Roman Polanski sex assault victim asks judge to drop case as 'act of mercy'


Roman Polanski's sex assault victim has told a judge to drop the 40-year-old case against the Oscar-winning director as an "act of mercy" to end her decades of suffering.

Samantha Geimer, 13 at the time of the attack, has long publicly supported the demise of the saga, but it is the first time she made the plea to a judge.

Ms Geimer, now 54, told Los Angeles Superior Court that she believes Polanski served his time when he spent 42 days in jail before he went on the run.

She said: "I would implore you to consider taking action to finally put this issue to close as an act of mercy to myself and my family.

"I would like to ask you to consider sentencing Mr Polanski to time served in absentia.

"I know Roman's family has suffered as well - we are human beings.

"A 40-year sentence has been imposed on the victim of the crime as well as the perpetrator.

"Justice is not only about punishment, it's about equity and consideration."

Ms Geimer, whose blonde bob was highlighted with a streak of pink, appeared in court alongside her husband David to make the motion which was supported by Polanski's lawyer, Harland Braun.

She said she is now a grandmother and wants to end the media intrusion that she believes exists because the case is not settled.

But Deputy District Attorney Michele Hanisee rejected the victim's motion to dismiss the case, arguing that it is in Polanski's hands to return to the country to end the ordeal.

"It's not the people (state) who have caused her continued suffering," she said.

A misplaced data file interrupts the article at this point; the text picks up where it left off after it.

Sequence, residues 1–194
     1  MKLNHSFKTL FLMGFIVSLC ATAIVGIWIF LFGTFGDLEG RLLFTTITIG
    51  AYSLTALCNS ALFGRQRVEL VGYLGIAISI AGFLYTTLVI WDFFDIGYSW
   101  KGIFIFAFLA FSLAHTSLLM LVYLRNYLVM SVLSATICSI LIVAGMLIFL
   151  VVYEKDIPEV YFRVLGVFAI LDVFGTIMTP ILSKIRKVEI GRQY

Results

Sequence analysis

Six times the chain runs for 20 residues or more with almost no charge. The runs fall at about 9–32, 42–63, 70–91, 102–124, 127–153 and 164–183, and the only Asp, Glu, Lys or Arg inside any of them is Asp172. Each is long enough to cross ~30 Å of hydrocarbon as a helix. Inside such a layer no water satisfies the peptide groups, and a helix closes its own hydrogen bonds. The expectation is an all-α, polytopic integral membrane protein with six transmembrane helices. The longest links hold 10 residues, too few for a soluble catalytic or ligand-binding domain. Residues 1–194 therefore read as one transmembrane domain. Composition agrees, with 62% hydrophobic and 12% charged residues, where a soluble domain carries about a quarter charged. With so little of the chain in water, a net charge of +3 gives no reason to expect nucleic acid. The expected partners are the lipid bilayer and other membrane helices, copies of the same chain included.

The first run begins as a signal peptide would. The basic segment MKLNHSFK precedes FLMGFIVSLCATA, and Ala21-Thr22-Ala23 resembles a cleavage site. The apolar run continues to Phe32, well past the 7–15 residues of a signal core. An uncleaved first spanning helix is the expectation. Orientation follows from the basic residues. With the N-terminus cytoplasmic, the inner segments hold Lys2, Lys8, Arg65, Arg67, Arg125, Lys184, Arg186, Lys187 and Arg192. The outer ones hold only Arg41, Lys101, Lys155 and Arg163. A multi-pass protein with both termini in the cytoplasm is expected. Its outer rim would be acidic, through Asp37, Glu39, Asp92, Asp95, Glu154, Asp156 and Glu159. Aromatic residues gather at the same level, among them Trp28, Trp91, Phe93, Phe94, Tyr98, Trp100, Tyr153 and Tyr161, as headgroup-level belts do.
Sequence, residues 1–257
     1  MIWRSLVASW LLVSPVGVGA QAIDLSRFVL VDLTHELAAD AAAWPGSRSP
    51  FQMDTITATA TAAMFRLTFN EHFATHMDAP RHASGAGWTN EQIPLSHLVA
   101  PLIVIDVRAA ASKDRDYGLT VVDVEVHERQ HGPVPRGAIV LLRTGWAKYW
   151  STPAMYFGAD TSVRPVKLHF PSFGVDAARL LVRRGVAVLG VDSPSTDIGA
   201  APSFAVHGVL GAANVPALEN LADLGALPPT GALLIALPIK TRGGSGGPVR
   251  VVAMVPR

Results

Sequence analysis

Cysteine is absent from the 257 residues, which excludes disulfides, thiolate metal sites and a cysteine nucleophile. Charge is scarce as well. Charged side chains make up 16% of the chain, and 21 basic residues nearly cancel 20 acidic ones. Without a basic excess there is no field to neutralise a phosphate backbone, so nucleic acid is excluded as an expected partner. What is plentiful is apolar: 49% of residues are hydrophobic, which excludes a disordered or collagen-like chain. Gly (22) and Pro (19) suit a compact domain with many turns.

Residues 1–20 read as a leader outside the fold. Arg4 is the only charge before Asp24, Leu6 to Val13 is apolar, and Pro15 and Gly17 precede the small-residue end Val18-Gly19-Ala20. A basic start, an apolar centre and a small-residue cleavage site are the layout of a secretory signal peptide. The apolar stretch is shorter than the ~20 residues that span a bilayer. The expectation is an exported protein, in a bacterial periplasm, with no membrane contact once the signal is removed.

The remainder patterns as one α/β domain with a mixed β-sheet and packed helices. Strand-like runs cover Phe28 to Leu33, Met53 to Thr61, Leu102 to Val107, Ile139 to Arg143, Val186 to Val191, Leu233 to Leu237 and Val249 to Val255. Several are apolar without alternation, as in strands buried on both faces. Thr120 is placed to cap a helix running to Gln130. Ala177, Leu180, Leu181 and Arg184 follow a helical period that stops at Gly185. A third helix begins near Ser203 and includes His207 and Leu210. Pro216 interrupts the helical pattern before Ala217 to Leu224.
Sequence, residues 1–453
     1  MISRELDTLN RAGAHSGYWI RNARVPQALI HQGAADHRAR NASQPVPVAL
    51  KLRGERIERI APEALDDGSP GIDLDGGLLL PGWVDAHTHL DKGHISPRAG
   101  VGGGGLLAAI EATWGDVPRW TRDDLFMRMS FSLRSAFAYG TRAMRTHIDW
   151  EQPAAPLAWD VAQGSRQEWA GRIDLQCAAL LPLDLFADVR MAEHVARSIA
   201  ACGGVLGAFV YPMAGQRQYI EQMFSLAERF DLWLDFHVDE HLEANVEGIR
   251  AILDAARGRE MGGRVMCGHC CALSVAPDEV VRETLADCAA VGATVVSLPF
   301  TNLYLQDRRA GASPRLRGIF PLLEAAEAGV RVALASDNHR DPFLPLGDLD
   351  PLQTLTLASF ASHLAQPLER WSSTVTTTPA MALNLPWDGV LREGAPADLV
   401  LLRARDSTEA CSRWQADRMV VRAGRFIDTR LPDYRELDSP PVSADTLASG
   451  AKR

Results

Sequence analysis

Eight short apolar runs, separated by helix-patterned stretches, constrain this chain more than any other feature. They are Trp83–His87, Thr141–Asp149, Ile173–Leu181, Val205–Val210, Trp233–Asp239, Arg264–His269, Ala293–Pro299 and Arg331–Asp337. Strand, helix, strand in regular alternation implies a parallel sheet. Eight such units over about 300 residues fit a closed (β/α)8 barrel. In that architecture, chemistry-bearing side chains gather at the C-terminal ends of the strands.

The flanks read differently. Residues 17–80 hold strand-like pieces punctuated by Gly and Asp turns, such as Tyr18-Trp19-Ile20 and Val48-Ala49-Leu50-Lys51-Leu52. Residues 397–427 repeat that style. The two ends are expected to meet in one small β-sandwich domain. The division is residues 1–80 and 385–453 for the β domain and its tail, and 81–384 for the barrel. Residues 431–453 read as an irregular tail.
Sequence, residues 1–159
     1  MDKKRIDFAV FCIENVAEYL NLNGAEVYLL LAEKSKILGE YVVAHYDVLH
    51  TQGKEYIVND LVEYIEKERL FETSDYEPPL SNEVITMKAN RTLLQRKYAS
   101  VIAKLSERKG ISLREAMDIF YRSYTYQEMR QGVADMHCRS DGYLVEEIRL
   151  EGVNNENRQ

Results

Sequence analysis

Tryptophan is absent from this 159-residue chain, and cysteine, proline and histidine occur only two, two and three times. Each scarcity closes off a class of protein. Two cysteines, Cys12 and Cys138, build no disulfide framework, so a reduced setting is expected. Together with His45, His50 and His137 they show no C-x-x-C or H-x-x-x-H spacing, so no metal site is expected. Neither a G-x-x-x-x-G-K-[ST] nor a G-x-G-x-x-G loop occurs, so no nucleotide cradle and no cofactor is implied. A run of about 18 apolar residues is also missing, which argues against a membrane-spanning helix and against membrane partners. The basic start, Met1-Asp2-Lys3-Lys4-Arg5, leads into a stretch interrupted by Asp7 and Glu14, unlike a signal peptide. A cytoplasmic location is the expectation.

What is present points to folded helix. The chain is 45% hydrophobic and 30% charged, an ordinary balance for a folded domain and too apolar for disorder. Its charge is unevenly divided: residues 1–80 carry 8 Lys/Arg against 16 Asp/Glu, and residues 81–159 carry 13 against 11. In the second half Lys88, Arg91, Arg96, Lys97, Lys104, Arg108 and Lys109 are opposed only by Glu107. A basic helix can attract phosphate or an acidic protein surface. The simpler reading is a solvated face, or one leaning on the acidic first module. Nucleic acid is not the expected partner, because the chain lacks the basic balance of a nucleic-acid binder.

Judge Scott Gordon said he would respond in writing and thanked Ms Geimer for her bravery.

"You are an elegant and courageous testament to the fact that sexual assault not only impacts the victim at the time," he said.

Polanski, 83, has been in self-imposed exile for nearly four decades after pleading guilty to having unlawful sex with Ms Geimer at actor Jack Nicholson's Hollywood hills home in 1977.

The fugitive, currently living in France, admitted the lesser of six charges, the rest being dropped, after allegedly plying the teenager with champagne and a portion of a sedative pill during a photo shoot.

They are trying to get an Interpol arrest warrant lifted so his movement is not restricted to France, Switzerland and Poland, where he fled the Holocaust.

Mr Braun claims the case is no more than a "political circus" and that Polanski has already served his time by spending more than 300 days in jail and house arrest in Switzerland during a failed extradition attempt seven years ago.

Polanski, who won a best director Oscar for The Pianist, fled in 1978, fearing a judge would extend his sentence after he spent 42 days in jail.

Nicholson was not at home at the time of the offence and prosecutors dropped charges of rape and sodomy against Polanski.